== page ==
On the two year anniversary of Superstorm Sandy’s landfall in New Jersey, Congressman Chris Smith, who represents some of the hardest hit towns at the shore, toured several areas slammed by Superstorm Sandy to assess recovery efforts.
“Two years ago today, New Jersey rallied to help those in need after Superstorm Sandy unleashed devastation on our home state,” said Smith, who toured every town in his district and beyond within hours after the Superstorm hit New Jersey. “The damage to the shore communities was immense on a scale not seen before: towns across the state were ravaged, homes destroyed, thousands displaced with many residents reeling from the aftermath.”
Mr. Smith yesterday joined Howell Mayor Bill Gotto and Deputy Mayor Rob DiCastro at the Mariner’s Cove community in Howell Township along the Manasquan River to see the sites of four demolished homes that were heavily damaged by Sandy and also Hurricane Irene in 2011, and sole remaining home slated for demolition. The homes were purchased by the township with state and federal funding.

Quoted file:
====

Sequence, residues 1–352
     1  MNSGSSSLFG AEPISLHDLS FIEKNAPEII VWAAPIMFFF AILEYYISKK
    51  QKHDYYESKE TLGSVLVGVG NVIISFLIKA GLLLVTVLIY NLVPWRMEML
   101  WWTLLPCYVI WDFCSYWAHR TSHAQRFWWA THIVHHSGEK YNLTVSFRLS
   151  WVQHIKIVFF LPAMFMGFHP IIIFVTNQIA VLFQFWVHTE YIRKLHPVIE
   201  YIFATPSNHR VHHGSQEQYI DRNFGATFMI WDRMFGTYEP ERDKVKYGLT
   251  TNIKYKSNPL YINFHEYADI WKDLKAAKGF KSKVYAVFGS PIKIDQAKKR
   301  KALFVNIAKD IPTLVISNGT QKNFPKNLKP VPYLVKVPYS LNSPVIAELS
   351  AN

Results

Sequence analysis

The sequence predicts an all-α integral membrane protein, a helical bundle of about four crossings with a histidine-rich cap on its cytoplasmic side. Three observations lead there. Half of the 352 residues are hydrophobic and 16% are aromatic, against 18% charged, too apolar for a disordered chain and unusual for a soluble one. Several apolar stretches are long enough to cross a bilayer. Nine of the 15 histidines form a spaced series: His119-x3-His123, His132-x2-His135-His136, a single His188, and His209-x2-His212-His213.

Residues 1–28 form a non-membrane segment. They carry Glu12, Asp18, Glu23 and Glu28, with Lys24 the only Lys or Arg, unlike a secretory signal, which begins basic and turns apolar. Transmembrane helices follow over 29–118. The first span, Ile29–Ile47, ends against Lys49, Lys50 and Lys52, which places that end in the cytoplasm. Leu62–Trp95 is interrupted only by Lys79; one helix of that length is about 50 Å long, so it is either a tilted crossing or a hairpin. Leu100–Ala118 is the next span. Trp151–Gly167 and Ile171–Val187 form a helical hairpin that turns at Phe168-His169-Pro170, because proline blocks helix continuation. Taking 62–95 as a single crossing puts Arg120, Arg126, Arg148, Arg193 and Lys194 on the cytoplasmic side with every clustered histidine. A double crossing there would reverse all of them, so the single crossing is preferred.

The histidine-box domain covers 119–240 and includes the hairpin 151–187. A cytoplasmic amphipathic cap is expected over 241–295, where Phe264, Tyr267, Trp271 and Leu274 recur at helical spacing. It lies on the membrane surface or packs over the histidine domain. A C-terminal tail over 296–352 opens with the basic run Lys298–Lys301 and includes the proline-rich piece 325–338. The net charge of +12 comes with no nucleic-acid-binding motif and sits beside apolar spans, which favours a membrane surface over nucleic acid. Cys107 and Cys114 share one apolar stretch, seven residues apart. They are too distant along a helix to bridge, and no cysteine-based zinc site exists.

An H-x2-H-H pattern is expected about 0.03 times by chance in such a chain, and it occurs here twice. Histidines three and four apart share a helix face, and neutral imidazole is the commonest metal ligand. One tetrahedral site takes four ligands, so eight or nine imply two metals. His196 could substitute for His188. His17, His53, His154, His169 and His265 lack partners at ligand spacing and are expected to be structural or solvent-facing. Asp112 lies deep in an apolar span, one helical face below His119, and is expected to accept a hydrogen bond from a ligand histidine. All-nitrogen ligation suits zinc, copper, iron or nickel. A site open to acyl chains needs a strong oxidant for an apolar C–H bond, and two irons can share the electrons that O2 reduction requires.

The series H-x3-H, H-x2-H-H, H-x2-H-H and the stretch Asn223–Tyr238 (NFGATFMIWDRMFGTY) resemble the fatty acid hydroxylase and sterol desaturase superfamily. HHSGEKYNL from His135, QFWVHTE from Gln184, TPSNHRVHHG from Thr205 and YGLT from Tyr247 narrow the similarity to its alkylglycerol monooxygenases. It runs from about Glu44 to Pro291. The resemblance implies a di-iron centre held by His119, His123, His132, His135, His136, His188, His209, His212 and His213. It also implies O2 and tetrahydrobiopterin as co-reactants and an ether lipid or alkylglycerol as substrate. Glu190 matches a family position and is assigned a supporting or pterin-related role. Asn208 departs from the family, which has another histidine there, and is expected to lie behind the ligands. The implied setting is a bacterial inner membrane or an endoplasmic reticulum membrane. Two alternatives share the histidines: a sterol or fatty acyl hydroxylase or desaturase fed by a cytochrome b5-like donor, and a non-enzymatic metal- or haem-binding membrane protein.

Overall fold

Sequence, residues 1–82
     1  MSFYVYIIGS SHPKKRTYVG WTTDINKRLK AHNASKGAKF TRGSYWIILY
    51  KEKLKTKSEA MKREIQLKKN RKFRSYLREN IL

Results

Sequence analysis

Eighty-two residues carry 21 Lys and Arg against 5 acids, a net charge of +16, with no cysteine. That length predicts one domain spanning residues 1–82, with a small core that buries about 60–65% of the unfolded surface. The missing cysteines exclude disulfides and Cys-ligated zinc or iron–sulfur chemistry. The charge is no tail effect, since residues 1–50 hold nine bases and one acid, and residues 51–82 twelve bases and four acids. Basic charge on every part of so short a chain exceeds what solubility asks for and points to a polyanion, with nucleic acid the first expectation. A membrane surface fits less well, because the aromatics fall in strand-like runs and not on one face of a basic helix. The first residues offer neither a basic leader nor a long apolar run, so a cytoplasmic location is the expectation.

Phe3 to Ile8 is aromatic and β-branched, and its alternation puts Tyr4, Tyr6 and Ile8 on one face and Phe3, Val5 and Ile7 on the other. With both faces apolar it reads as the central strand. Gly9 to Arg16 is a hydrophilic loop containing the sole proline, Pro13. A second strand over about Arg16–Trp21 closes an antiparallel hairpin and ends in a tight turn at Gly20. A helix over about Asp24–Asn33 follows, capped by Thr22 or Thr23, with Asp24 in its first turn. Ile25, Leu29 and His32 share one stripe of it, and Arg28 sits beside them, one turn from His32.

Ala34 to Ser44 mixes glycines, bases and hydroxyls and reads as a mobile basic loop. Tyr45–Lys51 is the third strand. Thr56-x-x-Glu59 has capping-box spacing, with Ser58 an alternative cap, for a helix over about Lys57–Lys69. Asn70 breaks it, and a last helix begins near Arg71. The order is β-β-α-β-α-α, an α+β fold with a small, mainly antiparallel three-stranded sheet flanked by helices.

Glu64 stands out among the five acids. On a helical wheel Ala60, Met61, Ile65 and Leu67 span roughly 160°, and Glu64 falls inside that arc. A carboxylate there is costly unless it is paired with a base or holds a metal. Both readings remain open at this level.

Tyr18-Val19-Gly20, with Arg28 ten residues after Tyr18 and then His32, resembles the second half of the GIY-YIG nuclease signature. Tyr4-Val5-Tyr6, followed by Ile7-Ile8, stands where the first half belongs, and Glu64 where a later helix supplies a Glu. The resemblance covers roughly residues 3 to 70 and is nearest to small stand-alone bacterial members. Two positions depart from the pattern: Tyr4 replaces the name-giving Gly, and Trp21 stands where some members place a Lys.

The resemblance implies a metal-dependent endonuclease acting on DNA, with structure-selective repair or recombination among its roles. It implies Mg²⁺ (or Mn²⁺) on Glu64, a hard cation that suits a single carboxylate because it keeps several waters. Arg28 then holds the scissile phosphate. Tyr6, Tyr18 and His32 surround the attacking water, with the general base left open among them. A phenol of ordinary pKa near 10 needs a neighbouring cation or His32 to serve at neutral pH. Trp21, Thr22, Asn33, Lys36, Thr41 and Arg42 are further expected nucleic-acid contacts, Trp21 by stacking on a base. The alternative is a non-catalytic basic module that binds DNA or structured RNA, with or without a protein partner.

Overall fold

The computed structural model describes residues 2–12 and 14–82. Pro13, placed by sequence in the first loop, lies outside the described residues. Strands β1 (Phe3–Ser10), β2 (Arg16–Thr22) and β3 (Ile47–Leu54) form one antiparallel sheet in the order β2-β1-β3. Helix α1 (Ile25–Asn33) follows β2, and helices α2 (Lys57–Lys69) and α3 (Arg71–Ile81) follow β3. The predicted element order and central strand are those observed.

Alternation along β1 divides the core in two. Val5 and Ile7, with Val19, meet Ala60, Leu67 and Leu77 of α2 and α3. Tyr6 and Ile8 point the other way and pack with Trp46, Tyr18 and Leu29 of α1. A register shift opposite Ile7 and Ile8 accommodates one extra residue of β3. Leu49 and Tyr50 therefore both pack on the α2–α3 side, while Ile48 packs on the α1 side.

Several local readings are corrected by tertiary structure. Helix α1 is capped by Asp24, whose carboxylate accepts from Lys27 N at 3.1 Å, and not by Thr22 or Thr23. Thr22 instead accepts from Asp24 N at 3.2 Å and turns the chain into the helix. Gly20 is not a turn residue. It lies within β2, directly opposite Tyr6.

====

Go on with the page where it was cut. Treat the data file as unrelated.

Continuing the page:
He later joined Middletown Mayor Stephanie Murray and Deputy Mayor Anthony Fiore to tour the U.S. Army Corps of Engineers beach replenishment and restoration project on Ideal Beach in Middletown, and the still-damaged Bray Avenue Bridge on the Middletown-Port Monmouth border, and a Middletown home on Roop Avenue still in need of demolition.
Smith also met with the highest official at FEMA, Director Craig Fugate, and pressed FEMA to approve a 90 percent federal share for FEMA funding going to all Jersey public assistance programs that pay for cleanup and reconstruction costs—instead of the initially planned 75 percent. The resulting savings added up to millions of dollars which local towns and counties were spared.